Mixture Monitor
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  1. #1
    Budding Architect ???? pugrambo's Avatar
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    Default Mixture Monitor

    i just finished putting one of these kits together from Jaycar and put it in the car to monitor the A/F mixture in the 604

    i bought an EGO sensor (single wire) from repco and welded it into place in one of the engine pipes

    very simple and works a treat and now i can monitor the air/fuel ratio of the engine

    it is even handy as an economy guage

    the only thing that has me baffled is that when i am on trailing throttle the read out reads rich

    when i just touch the go pedal it comes back to normal running A/F and when i put my foot down going uphill it reads towards the rich side and when i floor it and open up the secondary throat on the carb it reads between rich and normal depending on the road speed so that from standing start it will read rich when flat but very quickly reads normal A/F and if foot kept flat starts to come back to rich again but by this time i have gone from 0-40-180km/h respectively

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    so at say around 80-140km/h the A/F is normal running

    so anyone else want to add any comments to my findings

    BTW i also had the water injection going at the same time and this may have had an effect on the readings and it also 1/2 the fuel in the tank being normal 98 fuel and the other 1/2 E10

    also when i take the top of the air cleaner off the readout goes towards the rich side al ittle and put it back on it goes back to the leaner side but still within the normal range
    3 x '78 604 SL

    1 x 2018 3008

    1 x 2000 Citroen XM,

    1 x '98 306 GTi6 sadly sold

    1 x secret project

    1 x '98 406 STDT troop carrier and i don't care if it stinks, i don't sniff it's arse Death by wank tank

    1 x '99 406SV 5spd wagon, time to burn more fuel

    1 x 1994 605 SV3.0

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    Quote Originally Posted by pugrambo
    the only thing that has me baffled is that when i am on trailing throttle the read out reads rich
    With your foot off the throttle it should go to poor for a few seconds, then the light should go off completely. When you first start the engine and for the half minute or so it takes to warm up does it indicate rich or lean?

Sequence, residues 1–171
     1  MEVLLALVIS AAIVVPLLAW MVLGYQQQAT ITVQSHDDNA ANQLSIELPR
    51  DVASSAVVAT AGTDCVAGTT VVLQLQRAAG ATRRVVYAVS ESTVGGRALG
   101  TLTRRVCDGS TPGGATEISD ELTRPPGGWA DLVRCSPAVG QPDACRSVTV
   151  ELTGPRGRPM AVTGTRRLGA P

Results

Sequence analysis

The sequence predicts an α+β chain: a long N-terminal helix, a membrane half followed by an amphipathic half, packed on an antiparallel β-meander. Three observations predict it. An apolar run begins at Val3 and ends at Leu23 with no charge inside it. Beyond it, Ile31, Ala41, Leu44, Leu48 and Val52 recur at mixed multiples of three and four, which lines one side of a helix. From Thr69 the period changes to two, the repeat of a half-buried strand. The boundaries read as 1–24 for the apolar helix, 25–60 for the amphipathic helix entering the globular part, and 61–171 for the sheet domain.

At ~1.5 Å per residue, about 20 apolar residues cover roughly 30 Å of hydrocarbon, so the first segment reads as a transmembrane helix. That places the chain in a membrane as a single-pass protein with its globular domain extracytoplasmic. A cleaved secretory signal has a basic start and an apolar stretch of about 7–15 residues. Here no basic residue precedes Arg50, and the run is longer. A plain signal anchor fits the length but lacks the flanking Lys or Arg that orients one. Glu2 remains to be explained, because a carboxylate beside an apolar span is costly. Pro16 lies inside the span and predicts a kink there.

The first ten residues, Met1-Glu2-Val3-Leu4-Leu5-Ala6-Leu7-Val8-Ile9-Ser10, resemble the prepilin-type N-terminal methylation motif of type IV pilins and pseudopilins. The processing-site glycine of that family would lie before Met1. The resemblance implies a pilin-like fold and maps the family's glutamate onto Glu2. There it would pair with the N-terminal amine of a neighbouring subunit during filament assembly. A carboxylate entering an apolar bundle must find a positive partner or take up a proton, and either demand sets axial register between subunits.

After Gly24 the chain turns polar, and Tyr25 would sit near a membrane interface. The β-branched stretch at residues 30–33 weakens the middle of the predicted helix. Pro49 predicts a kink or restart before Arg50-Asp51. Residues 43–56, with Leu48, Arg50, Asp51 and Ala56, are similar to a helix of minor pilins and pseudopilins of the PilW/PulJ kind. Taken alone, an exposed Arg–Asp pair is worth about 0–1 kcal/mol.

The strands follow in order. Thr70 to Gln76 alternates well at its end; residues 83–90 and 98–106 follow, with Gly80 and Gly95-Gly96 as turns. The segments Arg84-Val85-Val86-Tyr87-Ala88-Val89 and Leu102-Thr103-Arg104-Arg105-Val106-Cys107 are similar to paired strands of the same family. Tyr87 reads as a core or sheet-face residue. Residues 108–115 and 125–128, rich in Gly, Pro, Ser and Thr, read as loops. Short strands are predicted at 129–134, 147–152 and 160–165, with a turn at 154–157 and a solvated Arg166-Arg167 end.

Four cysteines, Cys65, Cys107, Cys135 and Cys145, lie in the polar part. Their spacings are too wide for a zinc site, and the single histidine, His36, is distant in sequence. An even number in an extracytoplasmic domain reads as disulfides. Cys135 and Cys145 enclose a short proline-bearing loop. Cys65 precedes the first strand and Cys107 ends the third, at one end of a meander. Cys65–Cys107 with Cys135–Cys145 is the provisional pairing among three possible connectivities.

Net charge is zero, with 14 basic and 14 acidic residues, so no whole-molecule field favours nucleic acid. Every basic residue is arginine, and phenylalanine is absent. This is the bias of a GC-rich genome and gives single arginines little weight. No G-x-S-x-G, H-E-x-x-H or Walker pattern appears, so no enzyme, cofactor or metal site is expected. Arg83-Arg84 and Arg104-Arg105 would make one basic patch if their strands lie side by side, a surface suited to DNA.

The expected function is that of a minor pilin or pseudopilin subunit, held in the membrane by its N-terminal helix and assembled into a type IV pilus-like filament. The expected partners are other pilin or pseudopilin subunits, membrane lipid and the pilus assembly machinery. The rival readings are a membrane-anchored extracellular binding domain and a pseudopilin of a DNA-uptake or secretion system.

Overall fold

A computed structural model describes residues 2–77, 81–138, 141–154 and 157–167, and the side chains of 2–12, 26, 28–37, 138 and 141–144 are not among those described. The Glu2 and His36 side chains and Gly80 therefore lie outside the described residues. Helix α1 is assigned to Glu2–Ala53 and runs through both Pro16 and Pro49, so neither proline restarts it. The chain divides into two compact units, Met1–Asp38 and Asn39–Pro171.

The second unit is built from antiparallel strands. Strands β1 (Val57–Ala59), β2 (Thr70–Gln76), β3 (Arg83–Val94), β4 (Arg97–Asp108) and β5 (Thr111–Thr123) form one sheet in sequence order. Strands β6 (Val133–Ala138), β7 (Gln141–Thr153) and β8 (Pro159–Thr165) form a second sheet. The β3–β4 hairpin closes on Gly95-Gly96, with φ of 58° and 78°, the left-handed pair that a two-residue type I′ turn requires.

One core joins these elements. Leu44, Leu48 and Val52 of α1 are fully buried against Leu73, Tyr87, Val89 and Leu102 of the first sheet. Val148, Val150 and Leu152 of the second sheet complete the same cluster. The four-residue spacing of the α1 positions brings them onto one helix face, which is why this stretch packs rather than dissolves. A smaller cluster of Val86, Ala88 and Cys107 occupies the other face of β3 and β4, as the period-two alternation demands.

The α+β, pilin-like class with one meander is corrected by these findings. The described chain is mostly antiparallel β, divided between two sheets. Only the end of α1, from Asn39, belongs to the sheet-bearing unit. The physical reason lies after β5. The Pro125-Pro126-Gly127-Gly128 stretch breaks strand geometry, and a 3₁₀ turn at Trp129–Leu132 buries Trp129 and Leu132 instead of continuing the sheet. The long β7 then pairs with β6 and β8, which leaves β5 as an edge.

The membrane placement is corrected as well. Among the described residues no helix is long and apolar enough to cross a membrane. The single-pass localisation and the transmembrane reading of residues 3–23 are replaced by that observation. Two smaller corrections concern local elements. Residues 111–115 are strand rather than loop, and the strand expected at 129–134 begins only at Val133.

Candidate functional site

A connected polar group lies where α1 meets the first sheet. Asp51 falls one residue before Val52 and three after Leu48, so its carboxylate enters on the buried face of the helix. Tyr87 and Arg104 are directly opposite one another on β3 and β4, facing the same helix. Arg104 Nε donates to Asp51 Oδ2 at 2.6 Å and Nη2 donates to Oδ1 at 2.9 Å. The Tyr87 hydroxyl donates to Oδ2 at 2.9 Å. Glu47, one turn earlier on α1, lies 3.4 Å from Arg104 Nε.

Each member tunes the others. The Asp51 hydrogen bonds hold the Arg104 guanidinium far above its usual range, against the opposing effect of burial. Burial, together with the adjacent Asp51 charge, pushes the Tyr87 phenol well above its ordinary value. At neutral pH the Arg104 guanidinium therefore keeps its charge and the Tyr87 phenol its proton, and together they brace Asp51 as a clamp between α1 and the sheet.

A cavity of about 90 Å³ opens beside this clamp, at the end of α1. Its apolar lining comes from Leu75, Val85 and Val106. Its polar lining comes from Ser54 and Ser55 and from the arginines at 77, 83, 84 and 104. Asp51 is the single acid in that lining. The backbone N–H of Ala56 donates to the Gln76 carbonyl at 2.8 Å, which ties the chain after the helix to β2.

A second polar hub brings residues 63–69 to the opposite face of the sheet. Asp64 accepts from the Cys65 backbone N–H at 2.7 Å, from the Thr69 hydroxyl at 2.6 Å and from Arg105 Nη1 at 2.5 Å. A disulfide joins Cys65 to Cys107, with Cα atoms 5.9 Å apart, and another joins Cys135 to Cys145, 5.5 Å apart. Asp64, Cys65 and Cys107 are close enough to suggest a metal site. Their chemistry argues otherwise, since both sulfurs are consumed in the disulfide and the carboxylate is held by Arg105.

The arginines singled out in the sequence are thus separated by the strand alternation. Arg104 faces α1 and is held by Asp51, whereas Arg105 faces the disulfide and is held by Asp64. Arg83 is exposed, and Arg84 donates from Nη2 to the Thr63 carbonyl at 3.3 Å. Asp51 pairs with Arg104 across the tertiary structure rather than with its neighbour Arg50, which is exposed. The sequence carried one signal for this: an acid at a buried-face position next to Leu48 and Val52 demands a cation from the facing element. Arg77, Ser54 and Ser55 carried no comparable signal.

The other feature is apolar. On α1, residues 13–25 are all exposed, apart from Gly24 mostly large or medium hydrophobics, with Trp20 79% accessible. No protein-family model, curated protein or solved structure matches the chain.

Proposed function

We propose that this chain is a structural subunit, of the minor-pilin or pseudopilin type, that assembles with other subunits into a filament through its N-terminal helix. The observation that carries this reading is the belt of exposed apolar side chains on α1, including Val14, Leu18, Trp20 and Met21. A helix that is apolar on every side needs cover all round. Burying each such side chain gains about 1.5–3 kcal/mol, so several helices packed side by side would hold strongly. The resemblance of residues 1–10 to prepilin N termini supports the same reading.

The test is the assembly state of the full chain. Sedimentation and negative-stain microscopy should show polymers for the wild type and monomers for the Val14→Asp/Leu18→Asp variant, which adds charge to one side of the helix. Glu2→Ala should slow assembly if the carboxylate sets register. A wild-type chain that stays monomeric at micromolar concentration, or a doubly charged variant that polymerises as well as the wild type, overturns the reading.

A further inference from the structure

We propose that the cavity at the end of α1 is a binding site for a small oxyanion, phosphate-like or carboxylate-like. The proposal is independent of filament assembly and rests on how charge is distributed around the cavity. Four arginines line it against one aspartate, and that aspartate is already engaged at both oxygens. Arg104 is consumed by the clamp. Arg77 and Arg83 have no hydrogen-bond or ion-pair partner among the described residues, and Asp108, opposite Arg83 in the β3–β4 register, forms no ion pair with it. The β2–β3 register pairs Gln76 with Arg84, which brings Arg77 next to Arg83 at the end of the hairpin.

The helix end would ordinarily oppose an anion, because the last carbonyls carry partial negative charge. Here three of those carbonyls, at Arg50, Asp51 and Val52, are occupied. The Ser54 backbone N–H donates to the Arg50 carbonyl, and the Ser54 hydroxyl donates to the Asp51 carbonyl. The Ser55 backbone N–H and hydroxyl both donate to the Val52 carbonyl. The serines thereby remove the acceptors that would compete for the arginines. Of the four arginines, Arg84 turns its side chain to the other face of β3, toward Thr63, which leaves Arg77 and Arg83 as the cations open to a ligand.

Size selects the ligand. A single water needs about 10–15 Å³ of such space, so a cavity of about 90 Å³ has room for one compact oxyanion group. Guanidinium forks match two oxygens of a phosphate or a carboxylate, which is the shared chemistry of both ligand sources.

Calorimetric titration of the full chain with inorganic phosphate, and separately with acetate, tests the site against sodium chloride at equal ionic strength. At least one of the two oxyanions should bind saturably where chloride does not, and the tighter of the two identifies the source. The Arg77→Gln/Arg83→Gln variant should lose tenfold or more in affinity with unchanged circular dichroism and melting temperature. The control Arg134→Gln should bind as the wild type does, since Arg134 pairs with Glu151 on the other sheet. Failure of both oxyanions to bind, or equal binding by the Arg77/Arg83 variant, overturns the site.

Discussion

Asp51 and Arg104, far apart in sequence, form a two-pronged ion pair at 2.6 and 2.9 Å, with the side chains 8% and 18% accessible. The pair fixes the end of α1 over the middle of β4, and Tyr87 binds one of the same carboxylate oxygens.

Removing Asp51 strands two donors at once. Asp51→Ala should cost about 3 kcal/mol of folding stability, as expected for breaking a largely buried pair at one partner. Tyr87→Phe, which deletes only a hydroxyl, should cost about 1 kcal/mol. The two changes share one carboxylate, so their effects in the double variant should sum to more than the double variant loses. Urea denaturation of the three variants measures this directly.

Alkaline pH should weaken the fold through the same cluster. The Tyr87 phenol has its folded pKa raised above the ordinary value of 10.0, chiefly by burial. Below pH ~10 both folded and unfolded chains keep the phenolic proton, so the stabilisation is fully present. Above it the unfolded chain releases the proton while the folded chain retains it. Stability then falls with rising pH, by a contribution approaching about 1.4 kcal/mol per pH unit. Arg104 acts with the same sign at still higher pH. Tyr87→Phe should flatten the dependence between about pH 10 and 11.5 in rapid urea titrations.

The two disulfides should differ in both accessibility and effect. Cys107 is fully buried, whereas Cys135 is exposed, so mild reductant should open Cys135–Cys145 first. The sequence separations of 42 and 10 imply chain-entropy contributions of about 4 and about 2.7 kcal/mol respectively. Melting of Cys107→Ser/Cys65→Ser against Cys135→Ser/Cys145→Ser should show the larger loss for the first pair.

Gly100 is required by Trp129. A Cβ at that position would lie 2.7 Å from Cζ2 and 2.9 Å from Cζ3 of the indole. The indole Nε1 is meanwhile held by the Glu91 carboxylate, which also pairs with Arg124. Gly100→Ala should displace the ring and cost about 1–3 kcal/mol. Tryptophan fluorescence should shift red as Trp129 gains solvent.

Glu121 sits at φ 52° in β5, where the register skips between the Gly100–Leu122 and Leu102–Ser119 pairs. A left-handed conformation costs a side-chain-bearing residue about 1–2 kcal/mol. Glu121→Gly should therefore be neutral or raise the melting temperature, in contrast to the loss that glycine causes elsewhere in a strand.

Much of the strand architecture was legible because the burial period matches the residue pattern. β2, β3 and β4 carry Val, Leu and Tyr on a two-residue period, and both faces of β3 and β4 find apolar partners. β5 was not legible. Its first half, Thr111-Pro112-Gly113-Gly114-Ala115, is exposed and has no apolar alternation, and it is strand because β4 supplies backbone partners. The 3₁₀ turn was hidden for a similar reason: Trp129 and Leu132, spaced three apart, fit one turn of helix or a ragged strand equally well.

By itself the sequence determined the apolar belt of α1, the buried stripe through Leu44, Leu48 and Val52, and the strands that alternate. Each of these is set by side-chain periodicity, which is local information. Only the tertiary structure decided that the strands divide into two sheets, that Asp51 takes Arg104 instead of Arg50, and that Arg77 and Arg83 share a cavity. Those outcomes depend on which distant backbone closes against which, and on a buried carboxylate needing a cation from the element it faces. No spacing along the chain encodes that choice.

Quote Originally Posted by pugrambo

    when i just touch the go pedal it comes back to normal running A/F and when i put my foot down going uphill it reads towards the rich side and when i floor it and open up the secondary throat on the carb it reads between rich and normal depending on the road speed so that from standing start it will read rich when flat but very quickly reads normal A/F and if foot kept flat starts to come back to rich again but by this time i have gone from 0-40-180km/h respectively
    This would be the expected behavior.

    Quote Originally Posted by pugrambo
    1/2 the fuel in the tank being normal 98 fuel and the other 1/2 E10
    The oxygen contained in the alcohol molecule of the E10 fools the sensor into thinking that there is more oxygen in the exhaust gases. Try using all E10 one time and all 98 RON another time and see if your readings are affected. My guess is that the difference is fairly small and since the sensor does not control an ECU of no consequence.

    Quote Originally Posted by pugrambo

    i also had the water injection going at the same time
    Water vapor would dilute the concentration of the other combustion gases but the effect on the readings depends on the amounts injected. Try it without injection and see if your readings are affected.

    Quote Originally Posted by pugrambo

    also when i take the top of the air cleaner off the readout goes towards the rich side al ittle and put it back on it goes back to the leaner side but still within the normal range
    This puzzles me a bit; I would expect that with less restricted air flow more oxygen would come in, combustion would be better, unused fuel would be lower and a leaner mixture would be indicated. Unless the unrestricted flow results in less vacuum and therefore less air going into the chambers.

    Thanos

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    Budding Architect ???? pugrambo's Avatar
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    i'll check what it does next time it is cold again

    i was sure it was reading rich which is normal when i first started it and the choke was on but i'll double check next time